Like many of the other home appliances you depend on everyday, water softeners require consistent maintenance to ensure proper performance.
Upon installation, your local authorized dealer will configure your water softener or WaterMax conditioner to be set on a regeneration cycle that meets the needs of your household. Correct set up is the first step in achieving dependable performance, so they will learn a lot about what is in your water and how much your family typically uses in a day to find the best settings for you. From there, the owner must provide salt as recommended to maintain its performance.
Additional maintenance required beyond salt replenishing will depend on the type of water softener or conditioner you have. When problems occur, a system service call should be scheduled as soon as possible to prevent issues from worsening.
Water Softener Problems
Problems with water softeners can occur, just like any other mechanical equipment you may own. Depending on the design of your water softener or conditioner and how dedicated you are to proper maintenance, you may never experience any water softener problems.
Here are some water softener issues that may occur:
Problems with your water softener or conditioner may go undetected until you begin to notice the water quality has become unacceptable, or as it was before you had your water softener installed. One such issue is the development of a salt bridge.
A salt bridge can form in the brine tank of the softener, where the brine solution is created for the regeneration process. The bridge is actually a hard, crusty layer of salt that forms across the interior of the tank, creating a solid barrier that prevents the salt that is added to the tank from reaching the water that needs to be treated.
Salt bridges can be prevented with proper use and care when you add salt to your system. Here are three tips to keep in mind to prevent salt bridges:
- Make sure the brine tank lid is securely closed after adding salt
- Use the proper salt that is recommended by your softener manufacturer
- Be sure you are not overfilling the brine tank when you add salt
Channeling or tunneling happens in a water softener tank when the water does not flow through the whole bed of the water softener tank. It can be the result of the water flow rate being too low of the size of the softener tank. The hard water creates a path or channel through the resin that has become oversaturated with mineral ions. Channeling results in the inefficient use of the resin and poor water softener system performance.
The issue of channeling is mostly a matter of the design of the water softening system. Conventional water softener designs tend to be prone to this issue. At Hague Quality Water, we have engineered a baffle that helps evenly distribute the in-coming water across all of the resin inside to ensure your water receives the level of treatment you have come to expect. Make sure the flow rate is correctly set to help prevent this issue.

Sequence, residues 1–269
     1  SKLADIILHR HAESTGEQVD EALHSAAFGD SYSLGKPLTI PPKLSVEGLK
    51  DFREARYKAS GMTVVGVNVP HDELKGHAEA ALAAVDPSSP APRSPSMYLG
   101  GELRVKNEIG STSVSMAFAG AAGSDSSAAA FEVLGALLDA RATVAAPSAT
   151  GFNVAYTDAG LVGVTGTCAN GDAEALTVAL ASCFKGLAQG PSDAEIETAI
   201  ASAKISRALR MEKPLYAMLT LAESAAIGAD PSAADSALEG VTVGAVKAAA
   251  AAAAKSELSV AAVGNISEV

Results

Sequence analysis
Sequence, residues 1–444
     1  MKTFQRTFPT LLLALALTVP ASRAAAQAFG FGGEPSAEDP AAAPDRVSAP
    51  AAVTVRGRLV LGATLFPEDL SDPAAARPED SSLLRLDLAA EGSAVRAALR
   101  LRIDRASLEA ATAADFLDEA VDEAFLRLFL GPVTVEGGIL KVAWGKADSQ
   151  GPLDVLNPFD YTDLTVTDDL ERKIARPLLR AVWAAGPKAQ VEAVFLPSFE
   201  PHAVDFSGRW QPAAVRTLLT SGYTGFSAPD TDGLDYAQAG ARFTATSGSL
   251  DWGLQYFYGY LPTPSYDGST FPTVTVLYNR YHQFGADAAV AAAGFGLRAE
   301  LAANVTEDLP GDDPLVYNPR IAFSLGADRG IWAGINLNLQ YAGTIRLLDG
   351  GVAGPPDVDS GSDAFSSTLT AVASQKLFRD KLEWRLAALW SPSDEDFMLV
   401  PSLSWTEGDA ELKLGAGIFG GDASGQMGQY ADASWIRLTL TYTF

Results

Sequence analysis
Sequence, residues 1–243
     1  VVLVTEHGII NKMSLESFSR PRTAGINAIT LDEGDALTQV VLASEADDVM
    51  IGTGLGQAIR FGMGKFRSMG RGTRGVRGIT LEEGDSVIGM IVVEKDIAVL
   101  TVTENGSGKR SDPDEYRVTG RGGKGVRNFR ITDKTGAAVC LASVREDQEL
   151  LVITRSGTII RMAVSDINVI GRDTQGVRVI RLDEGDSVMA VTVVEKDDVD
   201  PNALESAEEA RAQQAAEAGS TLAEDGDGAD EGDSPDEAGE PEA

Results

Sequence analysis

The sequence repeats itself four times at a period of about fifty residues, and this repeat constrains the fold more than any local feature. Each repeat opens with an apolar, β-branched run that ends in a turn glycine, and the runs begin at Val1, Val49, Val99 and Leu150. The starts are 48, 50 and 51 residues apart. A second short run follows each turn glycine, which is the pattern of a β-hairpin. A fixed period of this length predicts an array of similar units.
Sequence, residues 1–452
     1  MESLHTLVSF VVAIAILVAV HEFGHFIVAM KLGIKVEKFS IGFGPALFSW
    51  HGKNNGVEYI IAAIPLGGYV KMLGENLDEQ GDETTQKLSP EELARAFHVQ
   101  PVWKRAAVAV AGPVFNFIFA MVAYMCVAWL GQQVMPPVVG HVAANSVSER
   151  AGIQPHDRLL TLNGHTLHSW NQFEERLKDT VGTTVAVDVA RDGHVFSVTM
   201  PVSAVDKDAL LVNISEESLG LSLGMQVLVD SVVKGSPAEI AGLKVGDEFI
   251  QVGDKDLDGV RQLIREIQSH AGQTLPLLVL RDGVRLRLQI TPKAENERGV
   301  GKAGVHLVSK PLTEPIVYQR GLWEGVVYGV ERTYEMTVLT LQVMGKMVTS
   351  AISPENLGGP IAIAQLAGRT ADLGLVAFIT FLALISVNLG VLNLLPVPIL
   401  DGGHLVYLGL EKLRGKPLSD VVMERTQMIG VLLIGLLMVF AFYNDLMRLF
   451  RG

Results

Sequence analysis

With some types of water softeners and conditioners, a common performance problem may be the result of a compromised or dirty filter. Some water softeners use filters at the start of the process to remove large particles. These filters come into contact with a great deal more sediment than do the other components of the softener, so they become used up more quickly.
If your water softener requires filter changes, you will need to keep up-to-date with filter replacement maintenance to make sure your water softener functions properly. Some water softeners have no filter included at all, which means those particules can get stuck in the working mechanisms inside your system. That would also result in places that would require regular maintenance and cleaning to keep the system working properly.
With a Hague WaterMax water conditioner, it includes resin to soften your water as well as customizable filter chambers. These areas can collect particles that rinse away to the drain without needing the frequent and costly filter changes.
Hague Softeners Reduce Service and Maintenance
Hague water softeners are engineered to prevent problems from occurring. They are based on upflow soft water regeneration for more effective use of the water softener resin. This design ensures that the water is distributed more evenly through the resin bed to optimize the use of all of the resin and prevent channeling.
Another thing that makes Hague water systems design unique is the use of "fine mesh" resin beads. Since the sodium ions attach to the surface of the resin, the more resin beads that come into contact with the water, the more effective and efficient the cycle becomes, reducing the stress on the resin beads. Fine mesh resin is much smaller, so more beads can be fit in tightly packed spaces than regular resins. Hague's unique vacuum packing process ensures that all of our water softener models have the greatest capacity for hard water treatment in the smallest space possible.
Hague water softeners are also designed to simplify maintenance. For example, the WaterMax
is very efficient, requiring very little water and salt to operate. It also has an optional audible salt alerts feature so you know exactly when to add more salt. It also has a built-in, self cleaning filter that never needs to be replaced.
Contact one of our authorized Hague dealers
to discuss how we can meet your water treatment needs!